Measurement cross section in an instrumented hydrologic catchment in the Erlenbach near Brunni, Switzerland. Instruments shown include Swiss plate bed load surrogate monitoring sensors, basket samplers, and erosion slabs. Credit: Jens Turowski
Source: Geophysical Research Letters

Established river (fluvial) bedrock erosion models, including the saltation-abrasion model (SAM), consider only a single representative particle (grain) size. An underlying assumption in current mechanistic models of fluvial bedrock erosion is that the rate of erosion in a river channel is proportional to the energy delivered to the bed by moving particles. These models do not address the extent to which channel erosion depends upon the sizes of the grains that the river transports.

To investigate the importance of grain size on bedrock erosion rates in the field, Turowski et al. measured the energy delivered by particle impacts to an instrumented channel in the Erlenbach (Alder Creek) near Brunni, Switzerland. By combining methods for measuring impact energy with automatic sensing of grain size distributions, the researchers show that the largest grains are the most important contributors to bedrock erosion. The team found that although the largest grain size class, with a median grain diameter of 86 millimeters, contributes an average of 8.8% of the total bed load mass, it is responsible for 41.5% of the energy delivered to the bed, a disproportionate effect not captured by SAM.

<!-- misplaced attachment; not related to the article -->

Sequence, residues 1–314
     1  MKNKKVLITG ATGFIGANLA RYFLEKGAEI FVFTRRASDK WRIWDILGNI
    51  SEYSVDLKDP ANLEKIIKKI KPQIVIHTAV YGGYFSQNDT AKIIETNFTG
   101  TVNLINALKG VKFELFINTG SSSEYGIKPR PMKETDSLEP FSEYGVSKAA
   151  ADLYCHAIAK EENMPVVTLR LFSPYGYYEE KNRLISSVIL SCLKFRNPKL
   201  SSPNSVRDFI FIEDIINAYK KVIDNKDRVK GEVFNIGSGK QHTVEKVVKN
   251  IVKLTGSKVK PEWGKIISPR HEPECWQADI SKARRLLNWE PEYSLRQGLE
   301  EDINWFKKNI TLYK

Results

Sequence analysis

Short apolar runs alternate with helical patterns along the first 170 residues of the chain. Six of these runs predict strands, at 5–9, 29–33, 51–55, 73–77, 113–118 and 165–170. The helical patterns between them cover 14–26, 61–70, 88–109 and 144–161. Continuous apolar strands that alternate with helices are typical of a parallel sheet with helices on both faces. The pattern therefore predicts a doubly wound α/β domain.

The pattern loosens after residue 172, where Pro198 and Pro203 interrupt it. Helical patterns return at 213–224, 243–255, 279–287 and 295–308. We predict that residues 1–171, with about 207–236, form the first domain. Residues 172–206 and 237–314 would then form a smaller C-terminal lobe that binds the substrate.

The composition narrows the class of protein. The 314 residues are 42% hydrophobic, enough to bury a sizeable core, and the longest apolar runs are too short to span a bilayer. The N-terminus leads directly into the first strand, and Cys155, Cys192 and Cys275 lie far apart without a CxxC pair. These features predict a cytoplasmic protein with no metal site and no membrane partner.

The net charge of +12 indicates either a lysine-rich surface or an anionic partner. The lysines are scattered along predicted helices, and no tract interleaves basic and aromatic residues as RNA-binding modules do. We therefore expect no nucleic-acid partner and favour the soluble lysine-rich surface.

The researchers suggest that one reason for this effect may be that SAM does not currently account for all the different ways in which the grains flow downriver, including rolling and sliding. In particular, the model does not account for larger grain sizes, which are less likely to be transported by short hops known as saltation.

The finding that grain size strongly controls energy delivery to the bed adds considerable complexity to modeling channel and landscape evolution. The team suggests that it may be possible to focus future modeling on rare extreme events, which govern long-term erosion because they alone transport the largest grains. In addition, because grain size distributions in mountain rivers are largely determined by hillslope processes, the authors conclude that there is a need to better understand their role, as well as the role of lithology, in determining grain size distributions. (Geophysical Research Letters, doi:10.1002/2015GL063159, 2015)

—Terri Cook, Freelance Writer

Citation: Cook, T. (2015), Largest grains dominate river bedrock erosion rates, Eos, 96, doi:10.1029/2015EO035085. Published on 3 September 2015.

Text © 2015. The authors. CC BY-NC 3.0
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